Ways To Care For Your Mental Health If You Can’t Afford Therap

Cultivate a morning routine

  1. Getting up at the same time each day, even on weekends. This can help regulate your sleep pattern and improve your energy levels.
  2. Exercise or engage in physical activity. This can help boost your mood and improve your overall well-being.
  3. Eat a nutritious breakfast. Fueling your body with healthy food can help improve your energy and concentration.
  4. Plan your day. Making a to-do list or setting goals for the day can help you feel more in control and motivated.

Practice gratitude

I recently experienced a health issue that required me to stay in the hospital overnight. Despite the inconvenience and discomfort of the hospital stay, I was overjoyed to be released and able to return home to my loved ones and familiar surroundings. I couldn’t help but feel intensely grateful for the comfort and security of my home and the support of my family.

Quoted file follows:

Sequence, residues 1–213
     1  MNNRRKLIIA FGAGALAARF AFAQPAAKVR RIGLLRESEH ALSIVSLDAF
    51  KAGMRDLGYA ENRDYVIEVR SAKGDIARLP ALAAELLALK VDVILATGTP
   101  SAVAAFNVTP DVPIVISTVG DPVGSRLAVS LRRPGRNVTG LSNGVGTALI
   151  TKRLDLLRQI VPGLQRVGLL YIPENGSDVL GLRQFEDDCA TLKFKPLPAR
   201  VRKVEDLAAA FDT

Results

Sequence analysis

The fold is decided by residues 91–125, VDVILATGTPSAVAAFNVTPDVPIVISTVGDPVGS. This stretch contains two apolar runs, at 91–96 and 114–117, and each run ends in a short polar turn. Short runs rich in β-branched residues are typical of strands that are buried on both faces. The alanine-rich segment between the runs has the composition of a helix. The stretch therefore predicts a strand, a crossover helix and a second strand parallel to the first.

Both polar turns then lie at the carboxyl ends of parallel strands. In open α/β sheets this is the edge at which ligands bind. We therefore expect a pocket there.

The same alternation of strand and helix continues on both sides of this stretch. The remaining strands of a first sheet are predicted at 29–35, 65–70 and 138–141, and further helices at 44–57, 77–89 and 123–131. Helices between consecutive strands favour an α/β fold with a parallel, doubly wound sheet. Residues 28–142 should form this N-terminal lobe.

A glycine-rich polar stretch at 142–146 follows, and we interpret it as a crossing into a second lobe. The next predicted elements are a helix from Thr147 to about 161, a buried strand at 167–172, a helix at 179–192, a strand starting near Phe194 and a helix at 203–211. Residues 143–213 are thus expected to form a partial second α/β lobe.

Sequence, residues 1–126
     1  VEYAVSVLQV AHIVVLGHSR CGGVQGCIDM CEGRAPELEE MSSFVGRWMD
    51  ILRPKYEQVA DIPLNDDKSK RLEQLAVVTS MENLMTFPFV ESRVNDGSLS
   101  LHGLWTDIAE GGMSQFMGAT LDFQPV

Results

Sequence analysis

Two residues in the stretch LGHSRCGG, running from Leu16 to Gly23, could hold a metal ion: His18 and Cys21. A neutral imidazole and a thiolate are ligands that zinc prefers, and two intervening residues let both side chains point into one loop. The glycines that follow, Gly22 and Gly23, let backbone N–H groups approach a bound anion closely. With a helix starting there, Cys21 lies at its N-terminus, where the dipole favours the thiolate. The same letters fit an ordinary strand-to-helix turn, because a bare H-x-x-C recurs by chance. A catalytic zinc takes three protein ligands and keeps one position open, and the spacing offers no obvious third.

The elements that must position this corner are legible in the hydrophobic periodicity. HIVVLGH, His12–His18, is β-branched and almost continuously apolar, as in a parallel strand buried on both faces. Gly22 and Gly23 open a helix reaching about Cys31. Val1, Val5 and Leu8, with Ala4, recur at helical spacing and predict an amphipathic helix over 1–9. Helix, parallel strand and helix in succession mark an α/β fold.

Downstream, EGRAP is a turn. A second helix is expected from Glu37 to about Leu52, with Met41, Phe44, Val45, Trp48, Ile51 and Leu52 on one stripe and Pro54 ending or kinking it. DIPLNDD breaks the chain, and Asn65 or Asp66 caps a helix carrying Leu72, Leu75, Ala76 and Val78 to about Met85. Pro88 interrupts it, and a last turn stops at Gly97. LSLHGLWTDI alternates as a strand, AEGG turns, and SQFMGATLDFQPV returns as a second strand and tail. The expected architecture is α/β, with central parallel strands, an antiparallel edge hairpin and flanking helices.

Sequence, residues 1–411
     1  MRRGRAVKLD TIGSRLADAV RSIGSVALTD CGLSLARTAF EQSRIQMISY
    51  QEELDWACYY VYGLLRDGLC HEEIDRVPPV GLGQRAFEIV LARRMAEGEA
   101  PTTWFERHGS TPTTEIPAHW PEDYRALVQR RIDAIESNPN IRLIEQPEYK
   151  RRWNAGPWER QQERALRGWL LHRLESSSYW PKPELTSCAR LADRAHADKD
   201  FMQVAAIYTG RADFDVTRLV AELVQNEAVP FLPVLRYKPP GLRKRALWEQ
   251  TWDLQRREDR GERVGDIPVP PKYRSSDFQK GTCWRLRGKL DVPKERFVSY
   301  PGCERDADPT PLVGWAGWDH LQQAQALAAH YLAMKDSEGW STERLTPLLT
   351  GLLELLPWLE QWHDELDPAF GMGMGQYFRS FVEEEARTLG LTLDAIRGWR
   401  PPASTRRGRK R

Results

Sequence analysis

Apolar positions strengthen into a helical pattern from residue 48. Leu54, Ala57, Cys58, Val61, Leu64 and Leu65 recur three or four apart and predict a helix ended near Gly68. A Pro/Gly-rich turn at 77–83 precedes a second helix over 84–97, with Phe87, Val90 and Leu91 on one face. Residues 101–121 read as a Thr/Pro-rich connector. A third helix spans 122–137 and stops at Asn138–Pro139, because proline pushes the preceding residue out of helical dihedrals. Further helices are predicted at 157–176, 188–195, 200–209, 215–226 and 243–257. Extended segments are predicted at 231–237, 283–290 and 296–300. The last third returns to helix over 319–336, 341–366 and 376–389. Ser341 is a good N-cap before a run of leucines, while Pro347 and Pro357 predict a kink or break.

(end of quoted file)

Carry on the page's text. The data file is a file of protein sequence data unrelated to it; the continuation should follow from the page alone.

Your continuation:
Unplug each night

Maintaining good mental health is crucial, and getting enough sleep is a key aspect of this. However, it’s common for people to struggle with getting sufficient rest. In fact, data from the Centers for Disease Control and Prevention (CDC) shows that around one third of Americans don’t get enough sleep. This can increase the risk of developing mental health conditions, like depression, and can also make it harder to manage existing mental health issues like anxiety. It’s important to prioritize sleep and find ways to improve your sleep habits in order to support your overall mental health.

Attend 12 step meetings

In the United States, there are 12 step meetings available in every city and town, regardless of whether it is urban, suburban, or rural. If you need help getting to a meeting, there are people who will assist you in getting there safely and returning home. These meetings can be a valuable resource for individuals looking to take care of their mental health, even if they cannot afford therapy.

Build a support network

Butler also noted that, “People also can offer good advice or simply be with a person during a difficult time, which has the benefit of feeling connected and important to others.” So even if you’re just showing up and hanging out, you’ll reap the therapeutic benefits of human contact.